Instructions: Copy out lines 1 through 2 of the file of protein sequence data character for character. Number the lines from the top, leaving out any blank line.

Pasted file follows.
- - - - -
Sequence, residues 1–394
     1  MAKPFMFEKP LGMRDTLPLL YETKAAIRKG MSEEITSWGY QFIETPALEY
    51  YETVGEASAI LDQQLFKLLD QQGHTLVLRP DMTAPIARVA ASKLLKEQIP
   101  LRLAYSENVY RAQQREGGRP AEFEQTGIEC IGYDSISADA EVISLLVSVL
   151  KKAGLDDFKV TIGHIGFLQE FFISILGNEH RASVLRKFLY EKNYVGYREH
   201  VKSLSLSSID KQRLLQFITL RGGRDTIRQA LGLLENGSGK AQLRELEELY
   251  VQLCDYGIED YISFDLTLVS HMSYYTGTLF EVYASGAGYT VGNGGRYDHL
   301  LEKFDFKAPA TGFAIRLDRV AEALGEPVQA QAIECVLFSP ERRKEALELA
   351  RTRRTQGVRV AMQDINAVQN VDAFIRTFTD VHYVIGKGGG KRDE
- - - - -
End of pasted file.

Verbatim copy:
Sequence, residues 1–394
     1  MAKPFMFEKP LGMRDTLPLL YETKAAIRKG MSEEITSWGY QFIETPALEY